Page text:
One part of the fire iron set that is pretty hard for an amateur to make is the crane. 
 

A crane is a device that is attached to one of the uprights and can be moved up and down and swung from side-to-side.  A cook pot or a coffee pot can be placed on the crane and then the crane can be adjusted to keep the pot warm without any continued cooking.  The good news is that a crane is not really a super important part of the fire iron set, so if you don’t have one it’s really not a big deal.

To set up fire irons you simply drive the uprights into the ground on each end of the fire pit and place the cross piece on top.  If you use a crane remember to place it on one of the uprights before you drive the upright into the ground.  I like to place the uprights out as far as possible from the ends of the fire pit so that I have a little extra room at each end of the top piece to hang my griddle, my cooking utensils, and etc.  This also leaves better access for adding more wood to your fire.

One final item or really items that you’ll need for your fire iron set is some pot hooks.  These hooks are used to suspend cook pots from the top piece of your fire irons.  Pot hooks can be fancy black smith items, or they can simply be bent up out of ¼” round stock.
 

Whichever kind you use be sure to get them in varying lengths so that you can adjust your pots to different heights above the fire.

In my next post I’ll familiarize you with the various pot, pans, utensils, and accessories used in out-door cooking. 


Monday, November 6, 2017

Other Set-Ups for the Plow Point Tarp



The Pole Framework Set-Up

I wouldn’t waste the time or energy to do this set-up for a one night stay, but if you have a lot of materials available and if you are going to be in the same location for several nights, you may want to set up a pole framework for your tarp.

To do this set-up you will need a ridge pole that is a little longer that the diagonal length of your tarp, and you will need a couple of forked sticks that are about six feet long.  You don’t necessarily have to have forked sticks as you should have plenty of cordage in your kit that can be used to lash together some straight sticks into a bi-pod that supports the ridge pole.  You will also need a short piece of cordage to  attach the front of the tarp (one of the cords used to tie around your kit will work for this), and you will need seven tent stakes.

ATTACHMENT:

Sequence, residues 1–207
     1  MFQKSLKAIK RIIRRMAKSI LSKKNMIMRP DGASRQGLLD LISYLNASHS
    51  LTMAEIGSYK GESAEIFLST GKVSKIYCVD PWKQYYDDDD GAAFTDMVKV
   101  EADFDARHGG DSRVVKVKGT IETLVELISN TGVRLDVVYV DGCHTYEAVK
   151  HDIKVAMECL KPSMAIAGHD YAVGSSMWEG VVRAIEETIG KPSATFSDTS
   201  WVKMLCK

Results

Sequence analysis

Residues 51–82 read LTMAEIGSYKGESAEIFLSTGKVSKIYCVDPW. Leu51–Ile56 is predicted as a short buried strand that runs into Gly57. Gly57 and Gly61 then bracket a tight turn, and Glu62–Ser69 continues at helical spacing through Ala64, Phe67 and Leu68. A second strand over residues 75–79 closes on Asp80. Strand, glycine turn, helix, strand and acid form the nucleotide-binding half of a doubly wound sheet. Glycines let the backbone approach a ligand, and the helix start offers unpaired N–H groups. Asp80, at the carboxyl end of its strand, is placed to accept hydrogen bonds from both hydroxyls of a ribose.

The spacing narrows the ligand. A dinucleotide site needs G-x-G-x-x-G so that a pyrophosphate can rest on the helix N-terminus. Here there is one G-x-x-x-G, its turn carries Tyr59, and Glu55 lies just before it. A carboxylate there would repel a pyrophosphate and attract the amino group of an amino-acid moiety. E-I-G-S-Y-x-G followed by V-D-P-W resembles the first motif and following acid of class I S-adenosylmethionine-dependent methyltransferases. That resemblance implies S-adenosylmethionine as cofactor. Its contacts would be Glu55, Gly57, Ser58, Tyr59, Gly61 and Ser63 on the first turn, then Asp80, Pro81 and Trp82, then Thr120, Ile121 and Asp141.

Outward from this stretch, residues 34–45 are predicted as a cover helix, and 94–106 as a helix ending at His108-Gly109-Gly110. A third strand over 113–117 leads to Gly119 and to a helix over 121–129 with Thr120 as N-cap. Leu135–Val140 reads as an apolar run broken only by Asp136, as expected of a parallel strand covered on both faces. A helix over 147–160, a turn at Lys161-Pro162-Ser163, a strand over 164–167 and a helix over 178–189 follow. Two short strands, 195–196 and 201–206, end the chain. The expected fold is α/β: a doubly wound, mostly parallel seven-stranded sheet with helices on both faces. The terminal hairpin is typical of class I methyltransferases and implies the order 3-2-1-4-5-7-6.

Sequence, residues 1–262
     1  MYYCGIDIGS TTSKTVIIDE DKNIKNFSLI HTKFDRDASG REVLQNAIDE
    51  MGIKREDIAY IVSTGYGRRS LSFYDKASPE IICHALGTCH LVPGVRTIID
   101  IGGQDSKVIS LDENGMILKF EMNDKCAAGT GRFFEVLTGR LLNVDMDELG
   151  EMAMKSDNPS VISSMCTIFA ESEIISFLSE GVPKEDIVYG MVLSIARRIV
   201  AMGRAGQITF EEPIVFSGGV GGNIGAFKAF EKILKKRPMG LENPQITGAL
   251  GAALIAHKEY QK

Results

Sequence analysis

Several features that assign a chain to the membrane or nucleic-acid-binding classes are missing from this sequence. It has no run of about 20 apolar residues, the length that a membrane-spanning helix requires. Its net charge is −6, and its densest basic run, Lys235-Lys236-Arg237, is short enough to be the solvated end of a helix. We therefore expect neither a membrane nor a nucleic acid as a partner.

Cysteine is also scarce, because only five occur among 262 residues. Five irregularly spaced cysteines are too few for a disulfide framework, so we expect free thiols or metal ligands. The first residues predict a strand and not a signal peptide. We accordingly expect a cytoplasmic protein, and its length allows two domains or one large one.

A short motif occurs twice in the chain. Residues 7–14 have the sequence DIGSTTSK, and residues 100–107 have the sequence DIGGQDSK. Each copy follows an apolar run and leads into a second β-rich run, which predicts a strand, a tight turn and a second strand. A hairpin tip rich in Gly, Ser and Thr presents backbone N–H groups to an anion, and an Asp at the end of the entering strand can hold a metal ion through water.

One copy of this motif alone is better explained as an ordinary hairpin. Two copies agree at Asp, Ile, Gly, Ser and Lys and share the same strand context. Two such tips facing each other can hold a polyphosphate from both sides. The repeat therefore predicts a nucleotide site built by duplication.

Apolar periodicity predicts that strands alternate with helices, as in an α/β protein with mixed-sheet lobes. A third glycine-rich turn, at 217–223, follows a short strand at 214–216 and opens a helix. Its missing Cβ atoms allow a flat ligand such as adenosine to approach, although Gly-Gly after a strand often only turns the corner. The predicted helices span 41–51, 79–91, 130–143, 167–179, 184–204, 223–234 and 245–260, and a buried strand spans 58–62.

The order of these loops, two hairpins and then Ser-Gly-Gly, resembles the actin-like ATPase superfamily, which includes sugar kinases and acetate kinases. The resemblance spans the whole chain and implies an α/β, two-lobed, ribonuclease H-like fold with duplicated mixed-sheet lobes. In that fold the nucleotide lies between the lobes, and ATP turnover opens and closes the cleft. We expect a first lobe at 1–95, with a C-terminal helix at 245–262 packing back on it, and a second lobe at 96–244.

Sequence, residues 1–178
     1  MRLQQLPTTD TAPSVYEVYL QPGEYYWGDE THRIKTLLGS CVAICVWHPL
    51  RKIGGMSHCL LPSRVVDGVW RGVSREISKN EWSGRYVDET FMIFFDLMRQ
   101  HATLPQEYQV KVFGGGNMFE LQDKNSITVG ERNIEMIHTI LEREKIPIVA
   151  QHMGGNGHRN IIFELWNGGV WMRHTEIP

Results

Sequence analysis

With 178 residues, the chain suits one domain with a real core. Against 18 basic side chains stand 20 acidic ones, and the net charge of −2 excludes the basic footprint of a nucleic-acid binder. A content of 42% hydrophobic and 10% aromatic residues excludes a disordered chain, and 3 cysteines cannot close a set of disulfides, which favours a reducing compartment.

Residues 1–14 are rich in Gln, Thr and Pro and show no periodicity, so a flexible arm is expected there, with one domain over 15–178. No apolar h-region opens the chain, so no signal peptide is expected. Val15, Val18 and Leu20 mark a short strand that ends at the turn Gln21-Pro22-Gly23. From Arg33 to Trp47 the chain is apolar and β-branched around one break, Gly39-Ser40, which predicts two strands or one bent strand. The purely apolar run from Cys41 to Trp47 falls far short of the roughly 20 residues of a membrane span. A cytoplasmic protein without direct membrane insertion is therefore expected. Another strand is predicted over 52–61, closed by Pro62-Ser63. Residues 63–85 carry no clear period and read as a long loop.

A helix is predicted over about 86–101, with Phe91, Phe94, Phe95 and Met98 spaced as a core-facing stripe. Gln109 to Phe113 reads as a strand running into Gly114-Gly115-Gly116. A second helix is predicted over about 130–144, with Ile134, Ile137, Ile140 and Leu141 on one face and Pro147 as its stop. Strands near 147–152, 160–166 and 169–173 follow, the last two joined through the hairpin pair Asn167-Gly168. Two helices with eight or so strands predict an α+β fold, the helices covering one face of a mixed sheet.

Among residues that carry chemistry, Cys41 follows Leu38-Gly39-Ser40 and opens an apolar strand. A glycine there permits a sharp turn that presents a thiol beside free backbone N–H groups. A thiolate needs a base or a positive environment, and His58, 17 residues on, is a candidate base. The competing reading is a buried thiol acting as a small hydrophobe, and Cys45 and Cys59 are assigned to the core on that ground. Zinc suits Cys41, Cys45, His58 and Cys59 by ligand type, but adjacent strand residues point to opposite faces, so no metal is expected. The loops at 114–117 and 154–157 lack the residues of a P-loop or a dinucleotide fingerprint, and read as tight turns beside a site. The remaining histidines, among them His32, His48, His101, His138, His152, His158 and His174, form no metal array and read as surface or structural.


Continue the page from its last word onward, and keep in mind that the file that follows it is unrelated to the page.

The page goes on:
First set up the framework as pictured below.
 


Here is how you can lock the forked sticks and ridge pole together.

Now you drape the tarp over the ridge pole and stake down the back of the tarp.

Pull the front of the tarp up and tie it off to the ridge pole and forked sticks then stake down the sides.

The One Stick Set-Up

If you are in a situation where you have very limited vegetation you can set up your tarp with only one stick.  In the example below I have pitched the tarp using only my walking stick which is about five feet long.

In addition to the single stick you will need two of the six foot pieces of cordage from your kit and all of your tent stakes.

First you need to stake down the back of the tarp.

Then you need to attach the front of the tarp to your stick.  In this instance I used the lanyard on my walking stick and looped it through the front grommet on the tarp and then back over the walking stick.  If you use a found stick you will need to use a short piece of cordage to tie the tarp off to the stick.